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Is Pluto Actually a Mash-up of a Billion Comets?

Researchers speculate the beloved dwarf planet could actually be a giant comet

Pluto, and its largest moon Charon, as seen from the New Horizons spacecraft. (NASA)
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For decades, researchers have debated about how to classify Pluto. Is it a planet? Is it a dwarf planet? Or is it something else entirely?

Now, scientists from the Southwest Research Institute suggest it may fall into the third category. As Neel V. Patel reports for Popular Science, Pluto could be made up of billions of comets all mashed together. The researchers present their ideas in a study published in the journal Icarus.

Scientists had long believed the dwarf planet Pluto was formed the way planets come to be: they start as swirling dust that's gradually pulled together by gravity. But with the realization that Pluto was a Kuiper belt dwarf planet, researchers began speculating about the origins of the icy world.

In recent decades, scientists have tossed around the idea that Pluto could be a giant comet. But they had no way to test these speculations. That is, until the summer of 2015, when New Horizons zipped by the tiny world. The historic flyby yielded breathtaking images, spectacular data—and the possibility of testing out the wild comet proposal.

The researchers turned to Sputnik Planitia—the western lobe of the massive heart-shaped icy expanse stamped on Pluto’s side—for the task. As Christopher Glein, lead author of the paper and researcher at the Southwest Research Institute, explains to Patel, the researchers used the data from New Horizons on this icy expanse to estimate the amount of nitrogen on Pluto and the amount that’s escaped from its atmosphere.

The researchers then pulled together composition data gathered by the European Space Agency’s Rosetta mission. The craft orbited Comet 67P/Churyumov-Gerasimenko for two years before purposefully crash-landing into its surface in 2016.

“[W]e used the nitrogen abundance from Rosetta, and scaled that up to the mass of Pluto,” Glein says. Both analyses gave surprisingly similar estimates.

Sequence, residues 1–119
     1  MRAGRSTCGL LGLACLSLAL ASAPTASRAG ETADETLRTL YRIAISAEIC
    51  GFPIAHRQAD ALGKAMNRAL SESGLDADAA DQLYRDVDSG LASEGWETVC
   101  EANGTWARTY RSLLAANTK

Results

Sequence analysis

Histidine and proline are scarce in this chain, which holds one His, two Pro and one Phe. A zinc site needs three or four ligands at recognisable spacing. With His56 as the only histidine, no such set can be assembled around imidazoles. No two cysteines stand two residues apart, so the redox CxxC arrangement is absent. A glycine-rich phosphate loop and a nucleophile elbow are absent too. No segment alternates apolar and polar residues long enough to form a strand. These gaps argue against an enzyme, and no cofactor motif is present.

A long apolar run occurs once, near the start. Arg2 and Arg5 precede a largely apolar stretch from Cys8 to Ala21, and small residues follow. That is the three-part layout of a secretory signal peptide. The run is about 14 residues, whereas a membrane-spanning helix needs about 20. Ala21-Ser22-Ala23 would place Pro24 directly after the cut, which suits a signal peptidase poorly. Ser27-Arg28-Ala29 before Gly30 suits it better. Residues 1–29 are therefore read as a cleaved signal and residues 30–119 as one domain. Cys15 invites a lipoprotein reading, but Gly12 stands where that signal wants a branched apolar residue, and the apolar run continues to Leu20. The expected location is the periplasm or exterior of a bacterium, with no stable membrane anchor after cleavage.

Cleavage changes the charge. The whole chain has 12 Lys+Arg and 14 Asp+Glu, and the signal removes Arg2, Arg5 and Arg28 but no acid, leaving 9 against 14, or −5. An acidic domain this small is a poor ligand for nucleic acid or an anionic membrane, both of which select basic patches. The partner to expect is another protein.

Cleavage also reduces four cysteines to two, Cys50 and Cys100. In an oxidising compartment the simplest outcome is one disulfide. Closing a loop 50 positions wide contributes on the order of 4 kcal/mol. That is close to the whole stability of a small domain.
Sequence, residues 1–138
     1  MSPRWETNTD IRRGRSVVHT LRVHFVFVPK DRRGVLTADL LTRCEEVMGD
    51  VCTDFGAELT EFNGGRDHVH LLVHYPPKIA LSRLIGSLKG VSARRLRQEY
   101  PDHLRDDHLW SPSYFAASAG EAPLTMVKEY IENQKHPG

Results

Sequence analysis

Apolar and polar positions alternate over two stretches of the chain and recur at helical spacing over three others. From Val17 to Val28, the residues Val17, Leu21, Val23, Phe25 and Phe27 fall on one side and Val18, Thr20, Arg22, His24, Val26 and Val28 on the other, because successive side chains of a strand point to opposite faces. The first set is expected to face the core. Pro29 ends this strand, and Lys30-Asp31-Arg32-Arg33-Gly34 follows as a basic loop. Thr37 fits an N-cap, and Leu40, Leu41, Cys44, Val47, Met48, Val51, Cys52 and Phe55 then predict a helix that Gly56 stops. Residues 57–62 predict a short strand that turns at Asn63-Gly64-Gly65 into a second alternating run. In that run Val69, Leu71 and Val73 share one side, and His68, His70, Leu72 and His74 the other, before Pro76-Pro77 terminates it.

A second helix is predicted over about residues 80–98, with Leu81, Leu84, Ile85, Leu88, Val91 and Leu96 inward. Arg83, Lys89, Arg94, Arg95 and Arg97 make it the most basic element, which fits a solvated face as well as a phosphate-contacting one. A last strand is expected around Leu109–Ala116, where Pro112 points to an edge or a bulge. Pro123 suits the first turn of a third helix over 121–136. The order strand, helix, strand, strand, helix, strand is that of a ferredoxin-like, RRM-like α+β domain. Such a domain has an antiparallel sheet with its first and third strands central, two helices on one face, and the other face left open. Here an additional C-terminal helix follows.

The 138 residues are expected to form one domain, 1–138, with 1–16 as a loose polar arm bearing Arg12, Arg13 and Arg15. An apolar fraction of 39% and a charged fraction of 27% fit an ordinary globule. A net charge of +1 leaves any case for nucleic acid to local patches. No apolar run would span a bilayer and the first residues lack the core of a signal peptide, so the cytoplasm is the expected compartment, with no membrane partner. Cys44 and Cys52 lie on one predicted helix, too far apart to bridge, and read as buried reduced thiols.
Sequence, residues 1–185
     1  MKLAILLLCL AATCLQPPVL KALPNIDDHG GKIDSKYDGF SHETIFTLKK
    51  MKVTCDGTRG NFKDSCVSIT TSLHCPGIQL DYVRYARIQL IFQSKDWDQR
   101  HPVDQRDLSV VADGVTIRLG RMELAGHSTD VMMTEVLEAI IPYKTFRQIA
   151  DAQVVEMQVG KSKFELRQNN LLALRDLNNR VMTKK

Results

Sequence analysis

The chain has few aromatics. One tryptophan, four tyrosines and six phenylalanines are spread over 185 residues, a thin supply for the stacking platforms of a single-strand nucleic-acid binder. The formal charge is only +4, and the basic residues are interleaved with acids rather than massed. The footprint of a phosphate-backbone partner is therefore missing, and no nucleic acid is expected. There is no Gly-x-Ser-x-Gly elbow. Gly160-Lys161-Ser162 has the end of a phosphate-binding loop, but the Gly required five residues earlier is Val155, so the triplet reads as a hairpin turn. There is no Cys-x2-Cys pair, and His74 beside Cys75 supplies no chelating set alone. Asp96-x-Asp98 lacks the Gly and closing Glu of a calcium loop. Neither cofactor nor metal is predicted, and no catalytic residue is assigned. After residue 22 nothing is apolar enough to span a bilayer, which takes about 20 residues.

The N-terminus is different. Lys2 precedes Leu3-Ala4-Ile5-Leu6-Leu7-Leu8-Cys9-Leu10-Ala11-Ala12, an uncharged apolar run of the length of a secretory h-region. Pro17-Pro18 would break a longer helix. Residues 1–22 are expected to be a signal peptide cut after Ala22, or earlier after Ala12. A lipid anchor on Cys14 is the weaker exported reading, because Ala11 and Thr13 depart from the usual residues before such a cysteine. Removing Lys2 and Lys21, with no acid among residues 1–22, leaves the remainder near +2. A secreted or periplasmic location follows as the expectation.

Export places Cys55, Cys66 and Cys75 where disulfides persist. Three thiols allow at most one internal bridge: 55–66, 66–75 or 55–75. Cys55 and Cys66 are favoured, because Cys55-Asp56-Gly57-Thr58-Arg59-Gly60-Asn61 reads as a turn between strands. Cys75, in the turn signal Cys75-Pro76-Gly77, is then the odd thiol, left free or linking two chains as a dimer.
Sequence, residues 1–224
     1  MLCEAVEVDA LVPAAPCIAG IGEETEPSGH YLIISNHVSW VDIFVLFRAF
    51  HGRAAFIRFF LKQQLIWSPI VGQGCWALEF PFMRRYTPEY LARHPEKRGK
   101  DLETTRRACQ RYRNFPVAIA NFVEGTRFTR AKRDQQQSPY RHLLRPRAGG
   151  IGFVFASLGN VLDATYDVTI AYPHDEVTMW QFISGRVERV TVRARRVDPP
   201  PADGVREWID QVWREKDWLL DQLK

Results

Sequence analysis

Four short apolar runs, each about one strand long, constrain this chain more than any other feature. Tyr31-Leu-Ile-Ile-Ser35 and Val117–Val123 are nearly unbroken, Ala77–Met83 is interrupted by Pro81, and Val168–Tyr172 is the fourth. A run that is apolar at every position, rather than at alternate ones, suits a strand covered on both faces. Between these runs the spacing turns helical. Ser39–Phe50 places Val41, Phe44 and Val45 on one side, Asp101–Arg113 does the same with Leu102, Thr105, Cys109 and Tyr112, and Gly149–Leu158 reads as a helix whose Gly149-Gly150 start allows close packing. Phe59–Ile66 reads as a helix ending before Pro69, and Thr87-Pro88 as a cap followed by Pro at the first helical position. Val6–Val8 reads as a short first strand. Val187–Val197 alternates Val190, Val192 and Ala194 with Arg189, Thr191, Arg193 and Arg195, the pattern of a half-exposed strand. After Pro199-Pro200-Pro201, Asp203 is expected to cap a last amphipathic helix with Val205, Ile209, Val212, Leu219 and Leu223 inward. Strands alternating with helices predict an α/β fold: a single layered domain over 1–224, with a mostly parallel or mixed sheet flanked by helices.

Glein explains the conclusions in a statement: “We found an intriguing consistency between the estimated amount of nitrogen inside the [Sputnik Planitia] glacier and the amount that would be expected if Pluto was formed by the agglomeration of roughly a billion comets or other Kuiper Belt objects similar in chemical composition to 67P, the comet explored by Rosetta.”

The conclusions are far from definitive but hint that the comet idea is an intriguing possibility. However, there are still a few caveats. For one, researchers aren’t sure that comet 67P has an average comet composition, Patel reports. For another, New Horizons only captured information about Pluto at a specific point in time, which means nitrogen rates could have changed over the last billions of years. As Mike Walls writes for Space.com, there’s also still the possibility Pluto formed “from cold ices with a chemical composition closer to that of the sun.”

One big challenge to the theory is the low amounts of carbon monoxide on the dwarf planet—a find that runs counter to the situation of most comets. But that doesn't preclude the comet idea: Carbon monoxide may be buried deep under the glacier, or even trapped in a below-surface ocean.

Despite these uncertainties, Caltech planetary scientist James Tuttle Keane, who was not involved in the study, tells Gizmodo's George Dvorsky the study still adds to the important conversation about how the solar system formed.

“This paper is an exciting example of the science that can be achieved when combining data from different, international, planetary science missions,” he says. “There’s been long debate about the role and significance of comets in the construction of planets… This study represents a new piece to this long-standing puzzle.”

As Patel reports, there’s only one way to confirm the new theory: Land on Pluto to gather more data.

About Julissa Treviño

Julissa Treviño is a writer and journalist based in Texas. She has written for Columbia Journalism Review, BBC Future, The Dallas Morning News, Racked, CityLab and Pacific Standard.

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